The application notes include recommended starting dilutions; optimal dilutions/concentrations should be determined by the end user.
70 - 90% by HPLC.
- First try to dissolve a small amount of peptide in either water or buffer. The more charged residues on a peptide, the more soluble it is in aqueous solutions. - If the peptide doesn’t dissolve try an organic solvent e.g. DMSO, then dilute using water or buffer. - Consider that any solvent used must be compatible with your assay. If a peptide does not dissolve and you need to recover it, lyophilise to remove the solvent. - Gentle warming and sonication can effectively aid peptide solubilisation. If the solution is cloudy or has gelled the peptide may be in suspension rather than solubilised. - Peptides containing cysteine are easily oxidised, so should be prepared in solution just prior to use.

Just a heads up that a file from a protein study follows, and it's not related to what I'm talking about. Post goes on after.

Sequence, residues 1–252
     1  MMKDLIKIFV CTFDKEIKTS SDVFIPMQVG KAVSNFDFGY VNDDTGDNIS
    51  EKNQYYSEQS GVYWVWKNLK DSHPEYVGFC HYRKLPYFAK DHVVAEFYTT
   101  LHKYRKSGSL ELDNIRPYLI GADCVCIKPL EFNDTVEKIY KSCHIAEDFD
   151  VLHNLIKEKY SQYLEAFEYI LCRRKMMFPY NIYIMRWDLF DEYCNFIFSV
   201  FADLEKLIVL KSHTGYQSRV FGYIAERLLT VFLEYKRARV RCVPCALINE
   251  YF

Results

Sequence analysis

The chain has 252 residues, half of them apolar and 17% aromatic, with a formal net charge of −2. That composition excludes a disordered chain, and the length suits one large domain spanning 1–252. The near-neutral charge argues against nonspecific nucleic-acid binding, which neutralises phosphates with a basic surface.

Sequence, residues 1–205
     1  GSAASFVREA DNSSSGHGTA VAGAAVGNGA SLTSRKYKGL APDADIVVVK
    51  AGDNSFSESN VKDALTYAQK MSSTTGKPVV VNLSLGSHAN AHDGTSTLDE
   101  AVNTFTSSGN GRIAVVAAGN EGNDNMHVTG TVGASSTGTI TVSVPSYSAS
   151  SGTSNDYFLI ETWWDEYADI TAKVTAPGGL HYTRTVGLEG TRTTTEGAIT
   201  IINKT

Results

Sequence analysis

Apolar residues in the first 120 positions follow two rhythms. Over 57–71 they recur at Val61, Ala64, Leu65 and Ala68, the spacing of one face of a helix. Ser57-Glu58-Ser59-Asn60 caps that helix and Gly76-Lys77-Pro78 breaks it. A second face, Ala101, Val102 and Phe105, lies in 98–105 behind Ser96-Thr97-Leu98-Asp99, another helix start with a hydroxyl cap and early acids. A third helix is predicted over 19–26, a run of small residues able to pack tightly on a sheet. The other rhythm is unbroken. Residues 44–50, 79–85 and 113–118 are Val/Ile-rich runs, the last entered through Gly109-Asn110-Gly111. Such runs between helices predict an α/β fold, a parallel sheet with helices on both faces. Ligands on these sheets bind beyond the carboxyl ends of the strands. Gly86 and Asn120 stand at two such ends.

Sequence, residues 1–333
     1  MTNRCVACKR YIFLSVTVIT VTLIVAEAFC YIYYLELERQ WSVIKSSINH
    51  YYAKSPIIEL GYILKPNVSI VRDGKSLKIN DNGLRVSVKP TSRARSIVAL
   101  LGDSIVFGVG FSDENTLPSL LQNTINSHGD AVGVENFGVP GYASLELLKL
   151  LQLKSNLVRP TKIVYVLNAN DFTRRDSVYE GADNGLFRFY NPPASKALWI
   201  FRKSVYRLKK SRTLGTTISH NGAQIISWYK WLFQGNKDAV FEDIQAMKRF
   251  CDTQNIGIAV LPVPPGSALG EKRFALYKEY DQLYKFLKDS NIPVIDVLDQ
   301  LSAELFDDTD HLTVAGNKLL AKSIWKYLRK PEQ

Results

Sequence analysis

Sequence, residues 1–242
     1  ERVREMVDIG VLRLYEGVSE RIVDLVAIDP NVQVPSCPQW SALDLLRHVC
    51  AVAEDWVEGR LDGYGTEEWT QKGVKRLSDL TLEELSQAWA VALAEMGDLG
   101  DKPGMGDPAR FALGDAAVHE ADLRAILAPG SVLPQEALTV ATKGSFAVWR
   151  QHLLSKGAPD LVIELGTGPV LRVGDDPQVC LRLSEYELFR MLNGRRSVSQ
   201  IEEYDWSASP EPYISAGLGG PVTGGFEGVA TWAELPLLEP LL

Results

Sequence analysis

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Shipped at 4°C. Upon delivery aliquot and store at -20°C or -80°C. Avoid repeated freeze / thaw cycles.
Information available upon request.
Endothelial differentiation gene 2
Endothelial differentiation, lysophosphatidic acid G protein coupled receptor, 2
LPA receptor 1
LPA receptor EDG2
Lysophosphatidic acid receptor 1
Lysophosphatidic acid receptor Edg-2
Lysophosphatidic acid receptor EDG2
Ventricular zone gene 1
Receptor for lysophosphatidic acid (LPA), a mediator of diverse cellular activities. Seems to be coupled to the G(i)/G(o), G(12)/G(13), and G(q) families of heteromeric G proteins. Stimulates phospholipase C (PLC) activity in a manner that is dependent on RALA activation.
Expressed in many adult organs, including brain, heart, colon, small intestine, placenta, prostate, ovary, pancreas, testes, spleen, skeletal muscle, and kidney. Little or no expression in liver, lung, thymus, or peripheral blood leukocytes.
Belongs to the G-protein coupled receptor 1 family.
Cell surface. Cell membrane. Prior to LPA treatment found predominantly at the cell surface but in the presence of LPA co-localizes with RALA in the endocytic vesicles.